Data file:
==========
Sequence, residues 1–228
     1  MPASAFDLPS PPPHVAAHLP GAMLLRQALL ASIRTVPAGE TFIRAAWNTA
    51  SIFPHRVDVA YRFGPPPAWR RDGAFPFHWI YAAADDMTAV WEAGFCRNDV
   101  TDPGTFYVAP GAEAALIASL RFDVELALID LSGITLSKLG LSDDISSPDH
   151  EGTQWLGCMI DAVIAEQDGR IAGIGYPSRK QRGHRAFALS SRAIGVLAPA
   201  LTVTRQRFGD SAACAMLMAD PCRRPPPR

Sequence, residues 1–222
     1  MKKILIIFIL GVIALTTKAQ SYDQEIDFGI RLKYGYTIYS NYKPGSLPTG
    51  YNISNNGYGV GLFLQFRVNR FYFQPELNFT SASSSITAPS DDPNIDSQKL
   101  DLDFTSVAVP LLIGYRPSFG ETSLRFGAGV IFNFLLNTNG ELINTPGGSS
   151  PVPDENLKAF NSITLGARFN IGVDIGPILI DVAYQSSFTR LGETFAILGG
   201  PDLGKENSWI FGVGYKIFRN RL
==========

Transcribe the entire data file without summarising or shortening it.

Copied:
Sequence, residues 1–228
     1  MPASAFDLPS PPPHVAAHLP GAMLLRQALL ASIRTVPAGE TFIRAAWNTA
    51  SIFPHRVDVA YRFGPPPAWR RDGAFPFHWI YAAADDMTAV WEAGFCRNDV
   101  TDPGTFYVAP GAEAALIASL RFDVELALID LSGITLSKLG LSDDISSPDH
   151  EGTQWLGCMI DAVIAEQDGR IAGIGYPSRK QRGHRAFALS SRAIGVLAPA
   201  LTVTRQRFGD SAACAMLMAD PCRRPPPR

Sequence, residues 1–222
     1  MKKILIIFIL GVIALTTKAQ SYDQEIDFGI RLKYGYTIYS NYKPGSLPTG
    51  YNISNNGYGV GLFLQFRVNR FYFQPELNFT SASSSITAPS DDPNIDSQKL
   101  DLDFTSVAVP LLIGYRPSFG ETSLRFGAGV IFNFLLNTNG ELINTPGGSS
   151  PVPDENLKAF NSITLGARFN IGVDIGPILI DVAYQSSFTR LGETFAILGG
   201  PDLGKENSWI FGVGYKIFRN RL